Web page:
- Brain Factors: Studies show that people with BPD have structural and functional changes in the brain, especially in the areas that control impulses and emotional regulation. However, some people with similar changes in the brain do not have BPD. More research is needed to understand the relationship between brain structure and function and BPD.
Research on BPD is focused on examining biological and environmental risk factors, with special attention to whether early symptoms may emerge at a younger age than previously thought. Scientists are also studying ways to identify the disorder earlier in adolescents.
Treatments and Therapies
BPD has historically been viewed as difficult to treat. However, with newer and proper treatment, many people with BPD experience fewer or less severe symptoms and an improved quality of life. Many factors affect the length of time it takes for symptoms to improve once treatment begins, so it is important for people with BPD and their loved ones to be patient and to receive appropriate support during treatment. People with BPD can recover. If you think you have BPD, it is important to seek treatment. NIMH-funded studies indicate that BPD patients who never recovered may be more likely to develop other chronic medical conditions and are less likely to make healthy lifestyle choices. BPD is also associated with a high rate of self-harm and suicidal behavior.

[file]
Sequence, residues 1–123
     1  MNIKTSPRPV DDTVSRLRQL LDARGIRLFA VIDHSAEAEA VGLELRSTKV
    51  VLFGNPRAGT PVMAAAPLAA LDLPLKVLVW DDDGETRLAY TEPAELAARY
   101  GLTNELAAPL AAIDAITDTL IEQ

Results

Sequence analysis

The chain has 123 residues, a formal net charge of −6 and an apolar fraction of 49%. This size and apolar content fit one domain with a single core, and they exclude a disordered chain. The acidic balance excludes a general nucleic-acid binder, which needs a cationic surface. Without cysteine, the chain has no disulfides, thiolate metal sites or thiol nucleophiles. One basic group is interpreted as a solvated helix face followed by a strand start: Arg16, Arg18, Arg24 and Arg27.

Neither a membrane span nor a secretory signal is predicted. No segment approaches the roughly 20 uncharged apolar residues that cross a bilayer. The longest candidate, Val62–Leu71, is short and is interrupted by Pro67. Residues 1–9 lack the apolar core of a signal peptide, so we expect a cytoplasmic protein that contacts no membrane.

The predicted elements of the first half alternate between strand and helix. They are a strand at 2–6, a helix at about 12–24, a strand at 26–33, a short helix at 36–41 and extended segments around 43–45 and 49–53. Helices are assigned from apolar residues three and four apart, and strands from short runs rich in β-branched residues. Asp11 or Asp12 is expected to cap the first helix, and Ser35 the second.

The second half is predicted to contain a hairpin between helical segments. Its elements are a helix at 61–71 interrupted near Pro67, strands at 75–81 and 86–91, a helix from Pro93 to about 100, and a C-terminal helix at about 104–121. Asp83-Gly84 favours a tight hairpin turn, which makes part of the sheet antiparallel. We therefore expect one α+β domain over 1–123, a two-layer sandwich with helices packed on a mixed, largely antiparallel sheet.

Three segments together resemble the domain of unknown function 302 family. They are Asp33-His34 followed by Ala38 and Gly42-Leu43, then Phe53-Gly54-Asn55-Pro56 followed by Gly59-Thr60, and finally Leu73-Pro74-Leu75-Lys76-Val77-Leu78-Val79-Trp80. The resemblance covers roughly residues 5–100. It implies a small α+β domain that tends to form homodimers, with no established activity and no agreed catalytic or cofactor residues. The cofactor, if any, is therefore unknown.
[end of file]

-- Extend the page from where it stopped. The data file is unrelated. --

If you are thinking about harming yourself or attempting suicide, tell someone who can help right away. Call your licensed mental health professional if you are already working with one. If you are not already working with a licensed mental health professional, go to the nearest hospital emergency room. If a loved one is considering suicide, do not leave him or her alone. Try to get your loved one to seek immediate help from his or her doctor or the nearest hospital emergency room, or call 911. Remove any access he or she may have to firearms or other potential tools for suicide, including medications, sharp edges such as knives, ropes, or belts.
If you or a loved one are in crisis: Call the toll-free National Suicide Prevention Lifeline at 1-800-273-TALK (8255), available 24 hours a day, 7 days a week. The service is available to anyone. All calls are confidential. You can also call Genesis Counseling Center at 757-827-7707 to schedule a confidential appointment today.
Article By: Dr. Trina Young Greer, Licensed Clinical Psychologist